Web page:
Anyway, it took me a long time to fully appreciate this and I’m sorry I didn’t appreciate it earlier. But I am happy that the fall import of thinking about somebody and putting time into the manifestation of those thoughts in terms of some simple object one exchanges (that is, a gift) came to me. Despite my professional background.
Xmas cartoon from First Dog on the Moon
Here is the Xmas cartoon from the First Dog on the Moon which has Ian the Climate Denialist Potato wishing us seasonal greetings.
In the context of economists talking about the serious market failure involved in giving gifts at this time of year I thought it was apposite.
Music – Lyn Taitt and the Jets
This is what I have been listening to this morning. It is from the double CD-collection – Hold Me Tight – Anthology 65-73 – which was distributed by Trojan Records in 2005. This song – I Don’t Want to See You Cry – was on the CD1 (Track 4).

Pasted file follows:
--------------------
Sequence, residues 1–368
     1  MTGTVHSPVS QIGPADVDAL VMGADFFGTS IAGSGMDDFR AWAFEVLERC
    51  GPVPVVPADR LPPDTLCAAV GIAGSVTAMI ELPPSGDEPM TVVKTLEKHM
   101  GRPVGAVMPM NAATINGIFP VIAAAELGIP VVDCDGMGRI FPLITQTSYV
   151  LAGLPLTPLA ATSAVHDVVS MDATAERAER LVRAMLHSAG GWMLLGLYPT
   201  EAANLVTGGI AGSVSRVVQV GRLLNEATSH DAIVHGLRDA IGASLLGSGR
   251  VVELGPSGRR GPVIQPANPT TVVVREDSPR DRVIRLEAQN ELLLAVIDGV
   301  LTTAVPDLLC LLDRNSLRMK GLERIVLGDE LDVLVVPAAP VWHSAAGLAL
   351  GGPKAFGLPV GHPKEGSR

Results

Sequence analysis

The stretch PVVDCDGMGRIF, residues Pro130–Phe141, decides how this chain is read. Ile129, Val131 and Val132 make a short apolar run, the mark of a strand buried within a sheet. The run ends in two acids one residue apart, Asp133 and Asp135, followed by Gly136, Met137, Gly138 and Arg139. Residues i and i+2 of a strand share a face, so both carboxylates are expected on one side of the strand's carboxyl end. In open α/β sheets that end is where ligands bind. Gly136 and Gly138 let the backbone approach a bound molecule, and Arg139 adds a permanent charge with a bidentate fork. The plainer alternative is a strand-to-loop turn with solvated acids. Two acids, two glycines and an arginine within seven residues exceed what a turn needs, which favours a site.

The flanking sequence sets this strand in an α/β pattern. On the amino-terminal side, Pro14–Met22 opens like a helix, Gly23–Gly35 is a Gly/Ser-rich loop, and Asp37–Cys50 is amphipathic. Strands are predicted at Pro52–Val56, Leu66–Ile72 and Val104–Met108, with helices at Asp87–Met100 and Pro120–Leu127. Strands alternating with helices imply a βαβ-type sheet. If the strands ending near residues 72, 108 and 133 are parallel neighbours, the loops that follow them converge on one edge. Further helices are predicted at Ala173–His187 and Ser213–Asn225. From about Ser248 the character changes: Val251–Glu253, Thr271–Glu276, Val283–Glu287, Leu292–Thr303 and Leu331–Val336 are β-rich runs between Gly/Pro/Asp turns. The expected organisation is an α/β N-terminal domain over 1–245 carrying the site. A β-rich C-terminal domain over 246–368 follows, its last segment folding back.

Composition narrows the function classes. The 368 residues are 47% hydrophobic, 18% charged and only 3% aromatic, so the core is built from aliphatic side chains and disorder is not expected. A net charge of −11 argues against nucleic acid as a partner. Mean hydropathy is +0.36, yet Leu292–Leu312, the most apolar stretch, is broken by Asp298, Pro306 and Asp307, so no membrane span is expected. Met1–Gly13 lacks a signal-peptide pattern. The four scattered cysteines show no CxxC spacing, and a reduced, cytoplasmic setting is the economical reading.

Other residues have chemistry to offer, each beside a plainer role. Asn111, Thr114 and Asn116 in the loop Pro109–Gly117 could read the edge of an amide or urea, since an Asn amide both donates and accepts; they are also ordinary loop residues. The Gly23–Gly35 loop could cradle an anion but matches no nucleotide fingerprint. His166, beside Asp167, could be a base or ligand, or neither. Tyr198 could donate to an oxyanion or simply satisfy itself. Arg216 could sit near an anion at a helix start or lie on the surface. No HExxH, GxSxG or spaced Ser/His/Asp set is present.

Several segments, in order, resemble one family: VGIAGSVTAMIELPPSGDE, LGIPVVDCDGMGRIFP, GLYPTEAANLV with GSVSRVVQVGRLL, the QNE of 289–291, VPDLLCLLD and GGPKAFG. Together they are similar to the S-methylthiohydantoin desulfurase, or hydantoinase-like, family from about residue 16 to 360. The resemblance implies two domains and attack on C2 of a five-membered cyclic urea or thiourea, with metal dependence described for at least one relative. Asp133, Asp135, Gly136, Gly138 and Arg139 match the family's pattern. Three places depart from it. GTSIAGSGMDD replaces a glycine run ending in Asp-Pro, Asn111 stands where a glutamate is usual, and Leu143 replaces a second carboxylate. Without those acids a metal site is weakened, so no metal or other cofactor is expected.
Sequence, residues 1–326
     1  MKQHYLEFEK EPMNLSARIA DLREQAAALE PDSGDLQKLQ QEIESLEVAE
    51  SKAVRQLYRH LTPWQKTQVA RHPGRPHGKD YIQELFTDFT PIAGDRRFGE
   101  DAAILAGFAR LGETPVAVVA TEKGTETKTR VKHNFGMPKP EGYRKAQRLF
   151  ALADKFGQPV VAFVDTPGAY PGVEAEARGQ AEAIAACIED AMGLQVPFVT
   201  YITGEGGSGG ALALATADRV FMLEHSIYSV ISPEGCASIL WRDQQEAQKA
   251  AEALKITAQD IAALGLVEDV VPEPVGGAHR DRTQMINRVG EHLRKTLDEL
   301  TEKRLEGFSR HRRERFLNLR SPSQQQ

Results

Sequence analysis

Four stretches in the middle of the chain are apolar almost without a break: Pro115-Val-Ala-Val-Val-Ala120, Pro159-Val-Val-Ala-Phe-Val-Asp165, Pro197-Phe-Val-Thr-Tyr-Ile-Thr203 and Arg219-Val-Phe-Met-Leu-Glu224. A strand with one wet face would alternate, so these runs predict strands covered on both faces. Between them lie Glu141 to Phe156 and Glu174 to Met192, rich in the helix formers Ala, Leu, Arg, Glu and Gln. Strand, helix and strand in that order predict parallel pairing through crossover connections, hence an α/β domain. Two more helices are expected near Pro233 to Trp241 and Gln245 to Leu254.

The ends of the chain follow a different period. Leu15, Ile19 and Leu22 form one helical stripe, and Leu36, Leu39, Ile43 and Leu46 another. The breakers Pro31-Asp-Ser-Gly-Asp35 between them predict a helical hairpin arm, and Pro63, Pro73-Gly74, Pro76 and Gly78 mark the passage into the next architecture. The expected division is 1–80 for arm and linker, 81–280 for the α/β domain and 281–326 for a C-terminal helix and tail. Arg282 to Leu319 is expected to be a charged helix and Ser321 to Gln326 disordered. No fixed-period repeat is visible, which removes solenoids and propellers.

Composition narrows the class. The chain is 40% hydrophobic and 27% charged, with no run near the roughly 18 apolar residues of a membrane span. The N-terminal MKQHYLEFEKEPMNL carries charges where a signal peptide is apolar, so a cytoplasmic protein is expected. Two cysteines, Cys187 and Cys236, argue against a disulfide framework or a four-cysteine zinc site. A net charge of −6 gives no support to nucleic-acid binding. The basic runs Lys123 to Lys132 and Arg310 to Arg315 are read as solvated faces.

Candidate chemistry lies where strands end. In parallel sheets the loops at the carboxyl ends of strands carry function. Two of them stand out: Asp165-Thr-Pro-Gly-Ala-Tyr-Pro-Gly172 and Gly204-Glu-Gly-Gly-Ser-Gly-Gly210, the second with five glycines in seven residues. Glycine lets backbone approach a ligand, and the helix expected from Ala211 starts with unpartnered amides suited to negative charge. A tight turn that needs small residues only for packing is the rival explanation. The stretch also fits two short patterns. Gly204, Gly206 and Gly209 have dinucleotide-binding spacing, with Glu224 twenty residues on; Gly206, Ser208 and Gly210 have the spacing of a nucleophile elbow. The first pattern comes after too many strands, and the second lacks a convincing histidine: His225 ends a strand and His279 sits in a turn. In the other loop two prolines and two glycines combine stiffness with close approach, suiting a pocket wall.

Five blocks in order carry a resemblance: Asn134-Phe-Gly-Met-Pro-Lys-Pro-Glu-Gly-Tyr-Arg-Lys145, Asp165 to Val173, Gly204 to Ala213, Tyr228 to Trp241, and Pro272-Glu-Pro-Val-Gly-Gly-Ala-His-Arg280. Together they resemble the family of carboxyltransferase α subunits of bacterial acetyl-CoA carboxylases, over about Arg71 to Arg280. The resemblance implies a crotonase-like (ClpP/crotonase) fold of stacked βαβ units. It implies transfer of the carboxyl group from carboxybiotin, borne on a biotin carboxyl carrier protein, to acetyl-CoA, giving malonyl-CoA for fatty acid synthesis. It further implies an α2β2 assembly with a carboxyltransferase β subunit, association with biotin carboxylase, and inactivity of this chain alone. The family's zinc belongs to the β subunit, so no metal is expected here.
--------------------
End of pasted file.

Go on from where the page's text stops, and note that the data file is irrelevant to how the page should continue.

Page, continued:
Lynn Taitt was a guitar play from Trinidad and Tobago who was a pioneer of Rocksteady.
His early musical origins were in local steel drum bands prior to mastering the guitar. He moved to Jamaica to perform at the 1962 Jamaican independence celebrations. He then formed and played with a number of Kingston-based bands and in 1966 formed the incomparable Lyn Taitt and the Jets.
The Jets included Headley Bennett on saxophone, Hopeton Lewis on vocals, Gladstone Anderson on keyboards, and Winston Wright on organ.
Lyn Taitt died in 2010. Here is a good obituary – Lynn Taitt has passed away.
He was one of those relatively unknown guitar players (outside of those who study rocksteady and reggae music) but one of the best players ever. He was incredibly influential in Jamaican music up until 1969. That year marked a major change in Jamaican music, with the transition from rocksteady to reggae spawned by the new producers like Lee ‘Scratch’ Perry and new engineering ideas from the likes of Osbourne “King Tubby” Ruddock.
Lyn Taitt moved to Canada at that time and never returned to live in Jamaica.
This track is one of many gems on the double CD collection, which is virtually impossible to buy anymore.
The Saturday Quiz will be back again tomorrow. It will be of an appropriate order of difficulty (-:
That is enough for today!
(c) Copyright 2015 William Mitchell. All Rights Reserved.